Help Your Brain Get Better with Time

New research shows that our brains actually do get wiser as we get older. Studies now show that our brain hits its peak in midlife-between the ages of 40 and 60-much later than previously thought.

"Early Show" Medical Correspondent, Dr. Jennifer Ashton has tips on how to stay sharp well into old age.

The Seattle Longitudinal Study, one of the largest and longest, says that the brain drain doesn't really start until our early seventies. This research group has followed six thousand people, testing them every seven years since 1956.

When it came to cognitive testing, many people did better in their forties and fifties than they had done when they were in their twenties. Middle agers ranked higher in scores on deductive reasoning, spatial orientation skills (what an object would look like rotated 180 degrees), verbal memory, and problem solving.

However, middle age brains did have a little trouble with mental skills involving speed, such as rapid number computation, and perceptual speed-how fast you can push a button when prompted. With age, the brain is less susceptible to dopamine-a hormone that can cause us to be impulsive-making middle aged brains better at decision making.

Another study sponsored by the NIH (National Institute of Health) found that while most people experience some cognitive decline as they age, nearly a third of the population doesn't.

Though it is not conclusively known, Ashton explains that a theory behind why this occurs is the increase of fatty substance called myelin "which you can think of as the insulation around those brain synapses."

The older brain may work well because of life experiences, but it also has a lot to do with physiological factors such as genetics. While peak brain power may come at middle age, it can be short lived.

To keep your brain humming for longer, Ashton suggests working or volunteering, especially in an activity that involves critical thinking and social interaction-both of which stimulate brain activity.

Ashton noted that some studies have shown that working later in life wards off cognitive decline. For every year that a subject worked, there was a seven week delay in the onset of Alzheimer's symptoms.

Ashton suggests mental challenges to stimulate brain activity as well, anything from learning a new language to playing and practicing a musical instrument.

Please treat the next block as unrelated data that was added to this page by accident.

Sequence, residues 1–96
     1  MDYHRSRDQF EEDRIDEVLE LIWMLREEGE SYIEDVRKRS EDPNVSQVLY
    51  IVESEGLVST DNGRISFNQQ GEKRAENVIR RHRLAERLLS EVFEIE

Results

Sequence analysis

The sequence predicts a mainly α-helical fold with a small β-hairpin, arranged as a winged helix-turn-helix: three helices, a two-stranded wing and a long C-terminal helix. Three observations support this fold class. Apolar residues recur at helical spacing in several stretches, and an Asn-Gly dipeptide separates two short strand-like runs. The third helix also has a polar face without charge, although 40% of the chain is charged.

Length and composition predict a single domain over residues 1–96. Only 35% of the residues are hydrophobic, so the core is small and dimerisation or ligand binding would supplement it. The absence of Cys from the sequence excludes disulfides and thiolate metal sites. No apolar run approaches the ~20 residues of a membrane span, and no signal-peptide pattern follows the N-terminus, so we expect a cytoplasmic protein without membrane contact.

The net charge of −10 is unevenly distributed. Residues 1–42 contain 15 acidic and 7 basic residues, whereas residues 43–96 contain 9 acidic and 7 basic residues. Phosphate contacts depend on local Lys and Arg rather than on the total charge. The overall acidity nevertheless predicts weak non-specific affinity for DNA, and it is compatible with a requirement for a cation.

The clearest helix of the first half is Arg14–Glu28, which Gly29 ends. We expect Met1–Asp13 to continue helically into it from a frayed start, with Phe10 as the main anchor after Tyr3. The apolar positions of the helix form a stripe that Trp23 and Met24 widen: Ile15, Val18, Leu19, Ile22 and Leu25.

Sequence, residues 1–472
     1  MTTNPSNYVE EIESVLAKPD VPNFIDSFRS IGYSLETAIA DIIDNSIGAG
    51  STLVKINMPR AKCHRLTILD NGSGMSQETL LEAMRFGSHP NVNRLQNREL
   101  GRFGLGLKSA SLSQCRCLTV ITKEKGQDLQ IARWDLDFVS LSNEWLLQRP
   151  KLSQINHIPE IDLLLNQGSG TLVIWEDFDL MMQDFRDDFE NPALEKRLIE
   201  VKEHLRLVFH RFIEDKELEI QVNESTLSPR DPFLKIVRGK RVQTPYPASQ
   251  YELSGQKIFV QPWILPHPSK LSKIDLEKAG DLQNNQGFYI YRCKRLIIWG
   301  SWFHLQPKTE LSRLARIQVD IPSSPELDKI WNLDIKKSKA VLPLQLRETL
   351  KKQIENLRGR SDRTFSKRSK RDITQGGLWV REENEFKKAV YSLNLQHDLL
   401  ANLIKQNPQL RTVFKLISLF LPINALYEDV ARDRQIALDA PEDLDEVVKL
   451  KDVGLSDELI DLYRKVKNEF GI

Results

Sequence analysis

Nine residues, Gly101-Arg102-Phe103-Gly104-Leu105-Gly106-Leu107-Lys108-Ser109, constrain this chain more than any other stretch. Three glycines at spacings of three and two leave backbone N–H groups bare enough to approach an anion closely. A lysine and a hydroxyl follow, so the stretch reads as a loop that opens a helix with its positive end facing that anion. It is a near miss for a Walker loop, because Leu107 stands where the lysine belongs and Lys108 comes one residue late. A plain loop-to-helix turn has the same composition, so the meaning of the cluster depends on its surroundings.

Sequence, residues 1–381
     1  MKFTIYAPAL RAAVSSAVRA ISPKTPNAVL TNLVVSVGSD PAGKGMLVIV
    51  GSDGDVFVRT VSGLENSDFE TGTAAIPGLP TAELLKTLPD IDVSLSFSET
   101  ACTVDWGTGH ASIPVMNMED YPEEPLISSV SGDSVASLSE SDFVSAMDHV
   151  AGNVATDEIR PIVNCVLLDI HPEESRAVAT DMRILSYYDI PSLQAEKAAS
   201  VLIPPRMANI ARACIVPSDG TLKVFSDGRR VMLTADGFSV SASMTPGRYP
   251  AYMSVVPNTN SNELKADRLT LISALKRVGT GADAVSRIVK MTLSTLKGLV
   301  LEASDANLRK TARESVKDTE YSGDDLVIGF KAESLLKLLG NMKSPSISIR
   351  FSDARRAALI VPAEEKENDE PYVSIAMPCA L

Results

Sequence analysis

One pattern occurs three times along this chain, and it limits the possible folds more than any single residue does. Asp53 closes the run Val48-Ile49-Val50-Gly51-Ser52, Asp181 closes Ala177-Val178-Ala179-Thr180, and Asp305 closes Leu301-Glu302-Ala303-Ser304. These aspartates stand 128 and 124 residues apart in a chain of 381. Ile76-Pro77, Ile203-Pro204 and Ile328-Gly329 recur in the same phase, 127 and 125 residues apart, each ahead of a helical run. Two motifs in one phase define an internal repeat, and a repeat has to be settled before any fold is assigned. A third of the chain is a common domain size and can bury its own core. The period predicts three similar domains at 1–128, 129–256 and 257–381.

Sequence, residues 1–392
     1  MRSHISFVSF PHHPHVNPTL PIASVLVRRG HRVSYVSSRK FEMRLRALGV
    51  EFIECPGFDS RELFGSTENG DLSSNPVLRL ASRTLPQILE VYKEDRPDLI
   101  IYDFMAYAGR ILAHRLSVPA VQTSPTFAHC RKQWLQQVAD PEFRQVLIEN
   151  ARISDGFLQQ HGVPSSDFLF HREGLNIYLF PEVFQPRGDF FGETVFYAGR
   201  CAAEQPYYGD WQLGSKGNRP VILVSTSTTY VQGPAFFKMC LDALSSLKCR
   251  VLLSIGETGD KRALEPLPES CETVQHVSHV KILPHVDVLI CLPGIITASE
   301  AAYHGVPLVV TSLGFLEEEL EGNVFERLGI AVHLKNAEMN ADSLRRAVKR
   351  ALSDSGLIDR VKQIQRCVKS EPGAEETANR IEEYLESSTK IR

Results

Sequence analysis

To keep your brain functioning optimally, your body must keep up too. Exercise is key when it comes to maintaining high brain activity. Physical exercise helps your heart pump blood flow into the brain. Studies have shown that biking, running, swimming, walking, and lifting weights at least once a week can help prevent cognitive decline in people who were middle-aged or older.

Naturally, your diet matters too. A study consisting of over two thousand older adults found those who ate a Mediterranean style diet that consists largely of nuts, fruit, fish, and low-fat dairy products, were less likely than others to develop Alzheimer's disease.

Protect yourself from brain drain by getting the right amount of sleep nightly. Sleep deprivation can hurt your brain. Your brain needs sleep to regenerate neurons within the cerebral cortex while other stages of sleep can for forming new memories and generating new synaptic connections. Sleep deprivation may cause your speaking ability to deteriorate. When you're overly tired, you may find yourself using repetitive words.

Chronic stress also affects the structure of the brain and function of the brain. In healthy people, chronic stress can disrupt creativity, flexible problem solving and your working memory.

Excessive alcohol use can harm the brain and have a large impact on the cerebral cortex-the part of our brain mostly responsible for higher brain functions like problem solving and decision making. It also makes a significant impact on our hippocampus (important for memory and learning) and our cerebellum (our movement coordination).

So, no more senior moment excuses -- your brain may be better now than ever.
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